We could offer those feelings up to God, but we have been trained – us good, church-going, law-abiding, polite Christians, to believe that we must always turn our best face to God. We think of prayer as something packaged and polished, grammatically correct and carefully edited. And deep, powerful, even frightening feelings do not lend themselves to careful editing.
Besides, prayer takes time and that means that many of us have not done much praying. Life is busy and demanding, and if we are not emailing or texting, we are talking on our phones. Prayer means being quiet and reflective; it means recognizing and admitting to our thoughts and feelings; it means putting to one side all the activity of the day and spending time alone with God.
The truth is, most of us are more comfortable talking about God than talking with God. Prayer requires that we move to an intimate place; a place that can be uncomfortable, confronting; a place where our outward identity – what we do; what educational or economic status we maintain; who we associate with – counts for nothing, and we are alone with God.
Despite all those barriers we sense that being alone with God in prayer is a good thing. We’re just not sure how to proceed. All those eloquent, King James Version prayers that we hear from pulpits and podiums don’t help either.
Here’s a good way to think about it: what God wants is not eloquence, but your desire to know and be known by God…intimately.
Eugene Peterson, the author of The Message version of the Bible, says this:
“Suppose yourself sharing dinner with a person whom you very much want to be with a friend, a person important to you. The dinner is in a fine restaurant where everything is arranged to give you a sense of privacy. There is adequate lighting at your table with everything else in shadow. You are aware of other persons and other activity in the room, but they do not intrude on your intimacy.
There is talking and listening. There are moments of silence, full of meaning. From time to time a waiter comes to your table. You ask questions of him; you place your order with him; you ask to have your glass refilled; you send the broccoli back because it arrived cold; you thank him for his attentive service and leave a tip. You depart, still in companionship with the person with whom you dined.
One hopes that God is your dinner partner in this analogy. But it’s often the case that God is the waiter, hovering on the side lines. This waiter-God is essential but peripheral. You can’t have the diner without him, but he is not an intimate participant in it. He is someone to whom you give order, make complaints, and maybe at the end, give thanks.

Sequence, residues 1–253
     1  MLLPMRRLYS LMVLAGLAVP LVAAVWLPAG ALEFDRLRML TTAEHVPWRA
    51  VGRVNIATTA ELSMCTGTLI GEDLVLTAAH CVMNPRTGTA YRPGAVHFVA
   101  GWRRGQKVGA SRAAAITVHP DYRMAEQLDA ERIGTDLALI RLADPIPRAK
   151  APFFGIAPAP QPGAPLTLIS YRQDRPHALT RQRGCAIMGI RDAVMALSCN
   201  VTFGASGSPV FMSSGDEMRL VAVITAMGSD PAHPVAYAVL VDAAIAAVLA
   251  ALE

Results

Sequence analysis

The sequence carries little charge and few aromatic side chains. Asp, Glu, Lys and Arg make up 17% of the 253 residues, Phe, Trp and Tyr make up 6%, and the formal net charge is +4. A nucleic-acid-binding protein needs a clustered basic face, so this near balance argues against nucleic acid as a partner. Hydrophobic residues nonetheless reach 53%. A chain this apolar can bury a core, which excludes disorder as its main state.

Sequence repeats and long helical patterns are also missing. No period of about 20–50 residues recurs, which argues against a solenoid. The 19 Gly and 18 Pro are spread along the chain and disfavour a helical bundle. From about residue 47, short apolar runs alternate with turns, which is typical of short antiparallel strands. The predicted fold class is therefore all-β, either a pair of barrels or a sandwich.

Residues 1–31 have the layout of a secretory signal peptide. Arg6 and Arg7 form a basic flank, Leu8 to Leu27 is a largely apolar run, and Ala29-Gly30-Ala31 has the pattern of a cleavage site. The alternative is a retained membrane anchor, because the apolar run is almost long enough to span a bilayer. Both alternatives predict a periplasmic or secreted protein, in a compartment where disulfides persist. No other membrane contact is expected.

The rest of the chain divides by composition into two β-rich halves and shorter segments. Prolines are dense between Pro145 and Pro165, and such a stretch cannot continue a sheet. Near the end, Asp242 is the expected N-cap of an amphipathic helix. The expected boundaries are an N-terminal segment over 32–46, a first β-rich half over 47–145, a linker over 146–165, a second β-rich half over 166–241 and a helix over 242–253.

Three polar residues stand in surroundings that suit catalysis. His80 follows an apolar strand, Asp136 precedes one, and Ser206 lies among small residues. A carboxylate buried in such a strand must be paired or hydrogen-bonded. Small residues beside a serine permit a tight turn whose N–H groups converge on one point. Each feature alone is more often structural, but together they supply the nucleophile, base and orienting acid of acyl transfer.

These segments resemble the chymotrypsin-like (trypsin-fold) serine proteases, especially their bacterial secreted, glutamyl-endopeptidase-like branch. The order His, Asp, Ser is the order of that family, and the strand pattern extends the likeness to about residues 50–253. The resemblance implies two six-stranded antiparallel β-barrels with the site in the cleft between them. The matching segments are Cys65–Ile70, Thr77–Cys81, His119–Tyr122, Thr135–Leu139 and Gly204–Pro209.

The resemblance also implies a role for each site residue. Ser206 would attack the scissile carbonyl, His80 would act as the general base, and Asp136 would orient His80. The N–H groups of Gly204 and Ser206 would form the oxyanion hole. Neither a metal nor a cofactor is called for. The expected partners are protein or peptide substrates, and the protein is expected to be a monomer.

The person across the table with whom you are so absorbed, is a copy of yourself. You’re talking to yourself, articulating your moods, your ideas, your interests, your satisfactions or lack of them. When you leave the restaurant you forget about the waiter until the next time. If it is a place to which you go regularly – every Sunday, say - you might remember the waiter’s name.”
The Psalms were written by people who had dinner with God every night – no waiter needed. They were written by people who felt free to laugh, cry, beg, bargain and shake their fists at God. They were written by people who knew that God was a steadfast, utterly reliable companion, who was glad to receive their deepest woes and most passionate celebrations.
Our goal in Lent is to sit down for an intimate conversation with God more frequently and more honestly than we did before. You can use the Praying the Psalms book to help you do that, alone or in groups. And we’re going to practice in Sunday worship. By practice I mean you’re going to do the praying, not just listen to the worship leaders pray.
This morning we’re going to practice with Psalm 32, the psalm we read with Pam for the Prayer of Confession. Hear it again in Peterson’s Message translation and ask yourself “Where is God speaking to me in this text?”
Count yourself lucky, how happy you must be—
you get a fresh start,
your slate’s wiped clean.
2 Count yourself lucky—
God holds nothing against you
and you’re holding nothing back from him.
3 When I kept it all inside,
my bones turned to powder,
my words became daylong groans.
4 The pressure never let up;
all the juices of my life dried up.
5 Then I let it all out;
I said, “I’ll make a clean breast of my failures to God.”
Suddenly the pressure was gone—
my guilt dissolved,
my sin disappeared.
6 These things add up. Every one of us needs to pray;
when all hell breaks loose and the dam bursts
we’ll be on high ground, untouched.
7 God’s my island hideaway,
keeps danger far from the shore,
throws garlands of hosannas around my neck.
8 Let me give you some good advice;
I’m looking you in the eye
and giving it to you straight:
9 “Don’t be ornery like a horse or mule
that needs bit and bridle
to stay on track.”
10 God-defiers are always in trouble;
God-affirmers find themselves loved
every time they turn around.
11 Celebrate God.
All you honest hearts, raise the roof!
(time of silence)
Now hear it again, and ask yourself “What is God’s invitation to me through these words?”
[Psalm 32 repeated, at a slower pace.]
(time of silence)
Prayer is about “being” rather than “getting”. It is about being in a proper relationship with God. Being one of God’s children. Children who are more concerned about growing in our relationship with our heavenly Creator than having God answer our prayers the way we want them answered.
God longs to interact with you, to be in a place and time of intimacy and sharing, to watch you grow in love and trust and forgiveness. God would like to have dinner with you, often.
Debbie Blue. “The Babylonian Shitstem; How Does the Empire Fall?” Posted October 3, 2010 on HouseOfMercy.org. http://www.houseofmercy.org/10310-the-babylonian-shitstem-how-does-the-empire-fall-rev-debbie-blue/
Eugene Peterson reference from “Investigate” – Luke throughout Lent. Fourth Sunday in Lent – 18th March 2007. http://www.churchofscotland.org.uk/councils/missiondisciple/downloads/mdresourceslent4.doc